What is the ACL?
The anterior cruciate ligament (ACL) is one of the major ligaments of the knee. It is located in the middle of the knee and runs from the femur (thighbone) to the tibia (shinbone). The ACL prevents the tibia from sliding out in front of the femur. Together with the posterior cruciate ligament (PCL) and posterolateral corner (PLC), it provides rotational stability to the knee.
Causes of ACL Tears
An ACL injury is a sports-related injury that occurs when the knee is forcefully twisted or hyperextended. An ACL tear usually occurs with an abrupt directional change when the foot is fixed on the ground or when the deceleration force crosses the knee. Changing direction rapidly, stopping suddenly, slowing down while running, landing from a jump incorrectly, and direct contact or collision, such as a football tackle can also cause injury to the ACL. Most ACL injuries are from non-contact mechanisms.
Symptoms of ACL Tears
When you injure your ACL, you may hear a pop sound and may feel as though the knee has given way. Within the first two hours after injury, your knee will swell and you may have a buckling sensation in the knee during twisting movements.
Diagnosis of ACL Tears
The diagnosis of an ACL tear is made by reviewing your symptoms and medical history and performing a physical examination of the knee. Other diagnostic tests such as X-rays, MRI scans, stress tests of the ligament and arthroscopy may also be ordered.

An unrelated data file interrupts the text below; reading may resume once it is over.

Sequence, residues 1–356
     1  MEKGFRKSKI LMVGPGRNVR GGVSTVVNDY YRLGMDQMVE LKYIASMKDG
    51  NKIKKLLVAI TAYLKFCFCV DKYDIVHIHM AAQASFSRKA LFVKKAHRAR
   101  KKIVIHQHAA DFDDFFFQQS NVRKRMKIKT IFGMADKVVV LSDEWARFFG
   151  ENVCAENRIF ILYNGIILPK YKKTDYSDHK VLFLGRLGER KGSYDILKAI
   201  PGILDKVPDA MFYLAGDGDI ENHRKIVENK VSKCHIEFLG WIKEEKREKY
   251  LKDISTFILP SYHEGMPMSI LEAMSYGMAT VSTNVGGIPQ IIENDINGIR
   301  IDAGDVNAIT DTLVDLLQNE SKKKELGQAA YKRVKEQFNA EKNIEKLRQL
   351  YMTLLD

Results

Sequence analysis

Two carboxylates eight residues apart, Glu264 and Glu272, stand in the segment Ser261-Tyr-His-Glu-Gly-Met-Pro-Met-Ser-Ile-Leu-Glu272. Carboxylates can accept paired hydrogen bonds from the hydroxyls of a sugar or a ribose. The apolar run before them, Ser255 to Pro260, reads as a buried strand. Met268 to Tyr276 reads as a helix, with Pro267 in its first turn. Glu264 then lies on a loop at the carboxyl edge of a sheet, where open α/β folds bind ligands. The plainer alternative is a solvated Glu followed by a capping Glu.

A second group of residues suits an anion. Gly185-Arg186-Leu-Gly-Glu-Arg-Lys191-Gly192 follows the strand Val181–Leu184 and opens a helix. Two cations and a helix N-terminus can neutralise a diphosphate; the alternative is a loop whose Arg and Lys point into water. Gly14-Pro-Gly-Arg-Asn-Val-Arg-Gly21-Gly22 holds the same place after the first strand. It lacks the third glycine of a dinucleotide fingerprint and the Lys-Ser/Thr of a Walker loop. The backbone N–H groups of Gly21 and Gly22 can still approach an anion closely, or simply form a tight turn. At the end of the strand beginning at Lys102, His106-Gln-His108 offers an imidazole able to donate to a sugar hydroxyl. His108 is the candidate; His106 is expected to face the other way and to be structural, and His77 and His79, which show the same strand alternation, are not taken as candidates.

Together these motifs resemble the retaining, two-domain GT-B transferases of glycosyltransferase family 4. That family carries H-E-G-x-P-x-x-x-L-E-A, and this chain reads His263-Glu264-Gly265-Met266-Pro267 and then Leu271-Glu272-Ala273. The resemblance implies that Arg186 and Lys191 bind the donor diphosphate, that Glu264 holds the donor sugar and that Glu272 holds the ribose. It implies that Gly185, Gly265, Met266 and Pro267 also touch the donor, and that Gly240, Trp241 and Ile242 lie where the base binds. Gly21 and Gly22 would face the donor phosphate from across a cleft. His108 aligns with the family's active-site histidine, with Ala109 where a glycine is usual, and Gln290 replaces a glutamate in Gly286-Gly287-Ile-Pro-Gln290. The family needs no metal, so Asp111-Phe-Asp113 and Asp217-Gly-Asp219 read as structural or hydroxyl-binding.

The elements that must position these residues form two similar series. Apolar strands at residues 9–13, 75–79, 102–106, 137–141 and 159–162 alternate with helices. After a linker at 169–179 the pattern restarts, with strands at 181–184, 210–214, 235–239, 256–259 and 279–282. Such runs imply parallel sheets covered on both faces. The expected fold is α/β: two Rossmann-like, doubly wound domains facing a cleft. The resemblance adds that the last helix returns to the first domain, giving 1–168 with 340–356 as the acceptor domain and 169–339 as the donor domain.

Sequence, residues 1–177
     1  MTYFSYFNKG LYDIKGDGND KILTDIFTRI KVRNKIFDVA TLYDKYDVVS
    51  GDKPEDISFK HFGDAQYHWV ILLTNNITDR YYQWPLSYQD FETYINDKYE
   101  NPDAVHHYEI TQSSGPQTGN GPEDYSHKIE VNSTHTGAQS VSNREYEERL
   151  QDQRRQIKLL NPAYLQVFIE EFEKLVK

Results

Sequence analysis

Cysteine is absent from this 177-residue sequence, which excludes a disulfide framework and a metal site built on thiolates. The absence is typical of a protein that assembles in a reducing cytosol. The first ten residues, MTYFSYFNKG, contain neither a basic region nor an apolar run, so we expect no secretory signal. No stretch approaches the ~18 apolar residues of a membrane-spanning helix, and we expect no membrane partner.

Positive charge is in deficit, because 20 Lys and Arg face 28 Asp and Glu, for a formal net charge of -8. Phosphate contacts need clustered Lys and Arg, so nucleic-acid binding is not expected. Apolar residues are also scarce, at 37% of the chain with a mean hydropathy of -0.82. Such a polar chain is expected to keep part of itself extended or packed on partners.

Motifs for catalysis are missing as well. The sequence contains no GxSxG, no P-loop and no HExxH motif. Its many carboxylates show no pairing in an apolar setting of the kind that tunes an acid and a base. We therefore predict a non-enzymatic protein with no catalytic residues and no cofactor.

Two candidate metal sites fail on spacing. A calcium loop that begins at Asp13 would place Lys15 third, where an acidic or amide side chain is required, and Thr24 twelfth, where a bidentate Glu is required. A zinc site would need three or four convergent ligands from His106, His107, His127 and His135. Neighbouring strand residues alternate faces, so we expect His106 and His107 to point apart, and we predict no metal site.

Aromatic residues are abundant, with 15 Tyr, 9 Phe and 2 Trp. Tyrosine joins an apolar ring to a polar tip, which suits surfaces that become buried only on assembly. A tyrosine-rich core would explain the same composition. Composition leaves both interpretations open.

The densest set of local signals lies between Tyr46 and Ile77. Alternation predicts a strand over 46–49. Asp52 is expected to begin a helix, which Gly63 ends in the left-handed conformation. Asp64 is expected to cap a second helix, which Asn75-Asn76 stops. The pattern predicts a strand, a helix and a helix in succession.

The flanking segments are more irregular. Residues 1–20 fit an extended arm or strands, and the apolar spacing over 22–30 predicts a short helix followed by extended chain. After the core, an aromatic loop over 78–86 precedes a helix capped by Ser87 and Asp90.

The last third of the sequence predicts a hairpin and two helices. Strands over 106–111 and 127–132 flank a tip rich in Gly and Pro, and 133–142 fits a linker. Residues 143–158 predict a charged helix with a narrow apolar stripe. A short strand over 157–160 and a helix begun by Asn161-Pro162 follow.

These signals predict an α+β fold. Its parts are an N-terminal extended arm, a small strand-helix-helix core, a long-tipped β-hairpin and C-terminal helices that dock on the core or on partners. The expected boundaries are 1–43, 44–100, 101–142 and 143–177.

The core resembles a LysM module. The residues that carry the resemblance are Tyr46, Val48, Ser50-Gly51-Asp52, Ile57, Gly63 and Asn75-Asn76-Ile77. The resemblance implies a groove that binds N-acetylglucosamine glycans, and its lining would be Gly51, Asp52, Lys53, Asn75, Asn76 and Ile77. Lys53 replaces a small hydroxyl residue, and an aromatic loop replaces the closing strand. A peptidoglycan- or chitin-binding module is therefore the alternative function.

Treatment of ACL Tears
Treatment options include both non-surgical and surgical methods depending on the extent of the tear and activity level of the patient. If the overall stability of the knee is intact, your doctor may recommend non-surgical methods. Non-surgical treatment consists of initial rest, ice, compression and elevation (RICE protocol); all of these assists in controlling pain and swelling. Physical therapy may be recommended to improve knee motion and strength. A knee brace may be needed to help stabilize the knee.
Active patients and athletes involved in pivoting sports will most likely require surgery to safely return to sports. The usual surgery for an ACL tear is an ACL reconstruction which tightens your knee and restores its stability. Surgery to reconstruct an ACL is performed with an arthroscope, using small incisions. During the surgery, your doctor will replace the torn ligament with a tissue graft that can be obtained from your knee (autograft) or from a donor (allograft).
Following ACL reconstruction, a rehabilitation program is started to help you resume a wider range of activities.